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Speex

An audio compression codec specifically tuned for the reproduction of human speech and also a free software speech codec that may be used on VoIP applications and podcasts.

Speex is an audio compression codec specifically tuned for the reproduction of human speech and also a free software speech codec that may be used on VoIP applications and podcasts. It is based on the CELP speech coding algorithm. Speex claims to be free of any patent restrictions and is licensed under the revised (3-clause) BSD license. It may be used with the Ogg container format or directly transmitted over UDP/RTP. It may also be used with the FLV container format.

The Speex designers see their project as complementary to the Vorbis general-purpose audio compression project.

Speex is a lossy format, i.e. quality is permanently degraded to reduce file size.

The Speex project was created on February 13, 2002. The first development versions of Speex were released under the LGPL license, but as of version 1.0 beta 1, Speex is released under Xiph's version of the (revised) BSD license. Speex 1.0 was announced on March 24, 2003, after a year of development. The last stable version of Speex encoder and decoder is 1.2.0.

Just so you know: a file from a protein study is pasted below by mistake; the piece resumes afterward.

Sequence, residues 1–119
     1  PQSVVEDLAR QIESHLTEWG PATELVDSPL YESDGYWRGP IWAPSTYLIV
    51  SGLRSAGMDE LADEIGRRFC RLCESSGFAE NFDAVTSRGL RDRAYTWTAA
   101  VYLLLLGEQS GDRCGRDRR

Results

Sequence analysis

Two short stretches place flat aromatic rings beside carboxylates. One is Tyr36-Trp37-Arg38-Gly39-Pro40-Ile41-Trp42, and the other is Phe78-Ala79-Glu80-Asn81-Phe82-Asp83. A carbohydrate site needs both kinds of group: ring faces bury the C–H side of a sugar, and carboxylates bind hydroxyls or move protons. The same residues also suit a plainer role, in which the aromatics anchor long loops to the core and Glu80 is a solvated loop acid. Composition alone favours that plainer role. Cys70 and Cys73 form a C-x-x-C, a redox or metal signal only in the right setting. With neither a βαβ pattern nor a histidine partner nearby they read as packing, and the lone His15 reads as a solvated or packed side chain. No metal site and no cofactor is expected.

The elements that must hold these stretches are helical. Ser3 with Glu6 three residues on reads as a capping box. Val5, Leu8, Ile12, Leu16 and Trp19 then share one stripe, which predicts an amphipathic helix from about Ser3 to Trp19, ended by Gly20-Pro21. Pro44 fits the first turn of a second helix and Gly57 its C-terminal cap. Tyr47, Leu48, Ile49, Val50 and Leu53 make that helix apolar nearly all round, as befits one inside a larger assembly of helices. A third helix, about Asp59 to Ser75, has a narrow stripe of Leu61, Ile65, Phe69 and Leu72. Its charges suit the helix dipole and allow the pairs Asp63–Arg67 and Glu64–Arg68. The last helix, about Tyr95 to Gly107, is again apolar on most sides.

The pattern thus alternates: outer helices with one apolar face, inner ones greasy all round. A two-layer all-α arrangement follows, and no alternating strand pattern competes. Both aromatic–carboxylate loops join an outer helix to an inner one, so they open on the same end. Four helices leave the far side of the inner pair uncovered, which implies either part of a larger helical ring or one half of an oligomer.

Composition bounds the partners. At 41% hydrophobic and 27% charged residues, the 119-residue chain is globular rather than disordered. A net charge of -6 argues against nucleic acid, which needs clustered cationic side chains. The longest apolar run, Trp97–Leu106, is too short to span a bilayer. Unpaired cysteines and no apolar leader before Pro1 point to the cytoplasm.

Xiph.Org now considers Speex obsolete; its successor is the more modern Opus codec, which surpasses its performance in most areas except at the lowest sample rates.

Speex is targeted at voice over IP (VoIP) and file-based compression. The design goals have been to make a codec that would be optimized for high-quality speech and low bit rate. To achieve this the codec uses multiple bit rates and supports ultra-wideband (32 kHz sampling rate), wideband (16 kHz sampling rate), and narrowband (telephone quality, 8 kHz sampling rate). Since Speex was designed for VoIP instead of cell phone use, the codec must be robust to lost packets, but not to corrupted ones. All this led to the choice of code excited linear prediction (CELP) as the encoding technique to use for Speex. One of the main reasons is that CELP has long proven that it could do the job and scale well to both low bit rates (as evidenced by DoD CELP @ 4.8 kbit/s) and high bit rates (as with G.728 @ 16 kbit/s). The main characteristics can be summarized as follows:

  • Free software/open-source, patent, and royalty-free.
  • Integration of narrowband and wideband in the same bit-stream.
  • Wide range of bit rates available (from 2 kbit/s to 44 kbit/s).
  • Dynamic bit rate switching and variable bit-rate (VBR).
  • Voice activity detection (VAD, integrated with VBR) (not working from version 1.2).
  • Variable complexity.
  • Ultra-wideband mode at 32 kHz (up to 48 kHz).
  • Intensity stereo encoding option.

Key Terms

bsd license
celp
codec
kbit
khz
rate
speex
version
voip
xiph

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Acronymn

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Synonymns

Speex
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Sources & Credits

Last modified on April 30 2020
Content adapted from Wikipedia
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